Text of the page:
Any serious U.S. policy toward China must confront the fact that China's regime continues to deny its people basic political freedoms and human rights. A nation that represses its own people cannot be a trusted partner in an international system based on economic and political freedom. While it is obvious that any lasting democratic reform in China cannot be imposed from the outside, it is equally obvious that the Chinese people currently do not yet enjoy the requisite civil and political rights to turn internal dissent into effective reform. The United States has an important role to play in encouraging the evolution of China toward a more politically open and democratic order.

If the United States fails to support dissidents out of fear of offending the Chinese government, we will merely embolden China's leaders. We certainly should not have relegated the future of freedom to second or third place, as Secretary of State Clinton did in 2009 when she publicly declared that the Obama administration would not let U.S. concerns about China's human rights record interfere with cooperation "on the global economic crisis [and] the global climate change crisis." A Romney administration will vigorously support and engage civil society groups within China that are promoting democratic reform, anti-corruption efforts, religious freedom, and women's and minority rights. It will look to provide these groups and the Chinese people with greater access to information and communication through a stronger Internet freedom initiative. Mitt Romney will seek to engage China, but will always stand up for those fighting for the freedoms we enjoy.

Disarm North Korea

North Korea's nuclear weapons program is a serious menace to world peace. A nuclear weapons capability in the hands of an unpredictable dictatorship with unknown leadership and an unclear chain of command poses a direct threat to U.S. forces on the Korean Peninsula and elsewhere in East Asia, threatens our close allies South Korea and Japan, destabilizes the entire Pacific region, and could lead to the illicit transfer of a nuclear device to another rogue nation or a terrorist group. As president, Mitt Romney will commit to eliminating North Korea's nuclear weapons and its nuclear-weapons infrastructure. A key mistake in U.S. policy toward North Korea has been to grant it a series of carrots in return for only illusory cooperation. Each step the world has taken toward North Korea has been met with further provocations and expansion of its nuclear program. Over the years, North Korea has found that its pursuit of a nuclear weapon reaps it material and diplomatic rewards, taking away any incentive for it to end its program.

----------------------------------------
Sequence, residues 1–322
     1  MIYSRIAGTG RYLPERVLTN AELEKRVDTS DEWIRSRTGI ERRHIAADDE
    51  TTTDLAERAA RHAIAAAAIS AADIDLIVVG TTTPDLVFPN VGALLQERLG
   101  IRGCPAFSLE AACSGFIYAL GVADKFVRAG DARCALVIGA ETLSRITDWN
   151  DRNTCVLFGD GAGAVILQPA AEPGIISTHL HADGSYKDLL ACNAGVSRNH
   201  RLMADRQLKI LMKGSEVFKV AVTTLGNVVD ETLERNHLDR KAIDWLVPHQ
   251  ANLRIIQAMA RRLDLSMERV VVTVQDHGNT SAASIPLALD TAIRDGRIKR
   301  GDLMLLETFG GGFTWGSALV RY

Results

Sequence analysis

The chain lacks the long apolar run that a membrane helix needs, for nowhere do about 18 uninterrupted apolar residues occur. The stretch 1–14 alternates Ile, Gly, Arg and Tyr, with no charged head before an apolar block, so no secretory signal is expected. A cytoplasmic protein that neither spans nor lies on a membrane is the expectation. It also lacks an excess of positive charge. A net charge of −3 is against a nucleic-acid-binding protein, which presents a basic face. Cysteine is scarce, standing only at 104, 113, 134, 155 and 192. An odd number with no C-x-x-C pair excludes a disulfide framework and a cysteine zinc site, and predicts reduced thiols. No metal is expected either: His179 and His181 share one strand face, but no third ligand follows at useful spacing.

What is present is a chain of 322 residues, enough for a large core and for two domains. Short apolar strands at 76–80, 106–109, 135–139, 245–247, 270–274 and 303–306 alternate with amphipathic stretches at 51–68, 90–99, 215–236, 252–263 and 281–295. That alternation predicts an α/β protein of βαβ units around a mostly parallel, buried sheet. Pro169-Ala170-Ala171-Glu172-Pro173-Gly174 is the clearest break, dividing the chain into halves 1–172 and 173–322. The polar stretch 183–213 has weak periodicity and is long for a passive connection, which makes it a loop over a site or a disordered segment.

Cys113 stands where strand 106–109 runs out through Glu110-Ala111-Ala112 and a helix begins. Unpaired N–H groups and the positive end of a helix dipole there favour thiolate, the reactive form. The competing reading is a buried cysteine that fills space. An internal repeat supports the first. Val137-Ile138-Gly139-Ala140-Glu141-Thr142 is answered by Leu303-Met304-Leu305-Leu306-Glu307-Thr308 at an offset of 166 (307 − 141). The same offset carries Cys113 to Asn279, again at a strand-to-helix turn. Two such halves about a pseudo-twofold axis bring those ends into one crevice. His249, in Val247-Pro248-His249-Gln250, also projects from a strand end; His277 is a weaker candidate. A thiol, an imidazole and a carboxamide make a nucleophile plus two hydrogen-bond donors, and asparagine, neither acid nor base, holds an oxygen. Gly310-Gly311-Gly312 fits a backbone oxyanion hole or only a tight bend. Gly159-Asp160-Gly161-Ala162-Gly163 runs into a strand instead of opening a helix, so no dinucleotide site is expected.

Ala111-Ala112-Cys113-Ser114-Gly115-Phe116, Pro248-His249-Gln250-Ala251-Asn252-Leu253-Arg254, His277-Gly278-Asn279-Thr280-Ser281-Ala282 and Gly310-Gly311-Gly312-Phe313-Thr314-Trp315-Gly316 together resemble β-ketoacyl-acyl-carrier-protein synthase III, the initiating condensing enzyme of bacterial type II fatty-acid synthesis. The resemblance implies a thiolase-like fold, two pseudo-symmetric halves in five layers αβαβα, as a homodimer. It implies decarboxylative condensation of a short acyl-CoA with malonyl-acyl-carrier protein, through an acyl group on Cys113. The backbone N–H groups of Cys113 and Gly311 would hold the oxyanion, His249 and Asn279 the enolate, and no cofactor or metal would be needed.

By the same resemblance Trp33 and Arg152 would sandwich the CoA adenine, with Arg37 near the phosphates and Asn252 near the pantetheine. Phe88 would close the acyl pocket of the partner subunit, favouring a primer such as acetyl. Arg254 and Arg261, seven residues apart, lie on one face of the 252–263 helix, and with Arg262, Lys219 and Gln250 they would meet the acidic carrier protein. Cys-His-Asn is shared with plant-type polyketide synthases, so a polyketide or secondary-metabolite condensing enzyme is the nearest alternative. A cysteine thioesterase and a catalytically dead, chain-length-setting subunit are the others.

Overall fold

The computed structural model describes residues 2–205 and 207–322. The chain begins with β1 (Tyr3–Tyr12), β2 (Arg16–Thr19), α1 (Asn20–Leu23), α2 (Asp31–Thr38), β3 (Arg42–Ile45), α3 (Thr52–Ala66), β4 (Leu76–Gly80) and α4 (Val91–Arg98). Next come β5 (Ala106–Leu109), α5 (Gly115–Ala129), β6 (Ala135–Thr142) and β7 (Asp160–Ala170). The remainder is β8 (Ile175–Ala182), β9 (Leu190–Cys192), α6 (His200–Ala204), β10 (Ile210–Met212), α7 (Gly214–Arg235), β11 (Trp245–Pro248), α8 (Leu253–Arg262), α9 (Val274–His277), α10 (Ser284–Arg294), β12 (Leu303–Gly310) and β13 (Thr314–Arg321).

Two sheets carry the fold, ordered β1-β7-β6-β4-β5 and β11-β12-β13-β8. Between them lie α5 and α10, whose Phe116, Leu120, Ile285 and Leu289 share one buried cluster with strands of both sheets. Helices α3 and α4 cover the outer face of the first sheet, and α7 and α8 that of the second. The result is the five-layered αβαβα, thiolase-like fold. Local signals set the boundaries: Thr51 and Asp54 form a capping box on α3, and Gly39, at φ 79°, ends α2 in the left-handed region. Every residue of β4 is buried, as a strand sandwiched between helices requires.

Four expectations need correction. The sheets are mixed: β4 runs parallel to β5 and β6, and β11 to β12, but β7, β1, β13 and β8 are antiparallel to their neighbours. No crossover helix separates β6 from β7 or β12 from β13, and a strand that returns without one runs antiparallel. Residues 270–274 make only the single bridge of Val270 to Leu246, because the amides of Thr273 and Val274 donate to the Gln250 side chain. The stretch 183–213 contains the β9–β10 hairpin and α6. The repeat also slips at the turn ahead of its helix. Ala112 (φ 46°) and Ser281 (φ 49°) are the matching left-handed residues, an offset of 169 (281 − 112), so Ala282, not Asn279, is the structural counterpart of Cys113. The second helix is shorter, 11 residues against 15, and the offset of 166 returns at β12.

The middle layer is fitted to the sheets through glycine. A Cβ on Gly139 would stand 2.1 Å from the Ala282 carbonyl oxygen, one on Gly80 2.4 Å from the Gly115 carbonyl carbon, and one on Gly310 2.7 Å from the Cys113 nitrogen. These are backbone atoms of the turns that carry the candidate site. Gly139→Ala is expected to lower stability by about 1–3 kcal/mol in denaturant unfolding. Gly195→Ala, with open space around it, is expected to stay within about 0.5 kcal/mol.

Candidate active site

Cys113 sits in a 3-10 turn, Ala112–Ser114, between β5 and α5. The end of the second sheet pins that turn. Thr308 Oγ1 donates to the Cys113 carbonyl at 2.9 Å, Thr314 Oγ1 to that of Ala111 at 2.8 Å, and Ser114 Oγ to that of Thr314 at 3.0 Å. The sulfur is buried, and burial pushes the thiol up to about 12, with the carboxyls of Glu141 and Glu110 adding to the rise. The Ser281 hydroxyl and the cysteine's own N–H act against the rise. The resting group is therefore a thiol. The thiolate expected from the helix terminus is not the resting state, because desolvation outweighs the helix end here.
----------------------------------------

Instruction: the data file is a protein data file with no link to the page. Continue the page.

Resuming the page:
Mitt Romney will reverse that dynamic. The United States will make it unequivocally clear to Pyongyang that continued advancement of its nuclear program and any aggression will be punished instead of rewarded. Mitt will work with allies to institute harsher sanctions on North Korea, such as cracking down on financial institutions that service the North Korean regime and sanctioning companies that conduct commercial shipping in and out of North Korea. He will also step up enforcement of the Proliferation Security Initiative to constrain North Korean illicit exports by increasing the frequency of inspections of North Korean ships and discouraging foreign ports from permitting entry to North Korean ships. Such measures would significantly block the trade revenue that props up the North Korean regime and shut off routes by which the regime supplies its nuclear program.

China holds significant political and economic leverage over North Korea. It is not using that leverage, however, to achieve the goal of ending North Korea's nuclear program. China fears a destabilized North Korea and the implications of its possible collapse for the region along its border. Mitt will work to persuade China to commit to North Korea's disarmament. He will reassure China it will not be alone in dealing with the humanitarian and security issues that will arise should North Korea disintegrate. This will involve detailed planning for such an eventuality to ensure that we are ready to deal with the numerous issues that will arise if and when the North Korean regime collapses under the weight of its own economic and political contradictions. Mitt will also pursue robust military and counter-proliferation cooperation with our allies and others in the Pacific region. As the United States invigorates our relationships with South Korea, Japan, and others, and increases our collective military presence and cooperation, it should demonstrate to the Chinese that they should join the coordinated effort or be left behind as a regional counter-proliferation partner.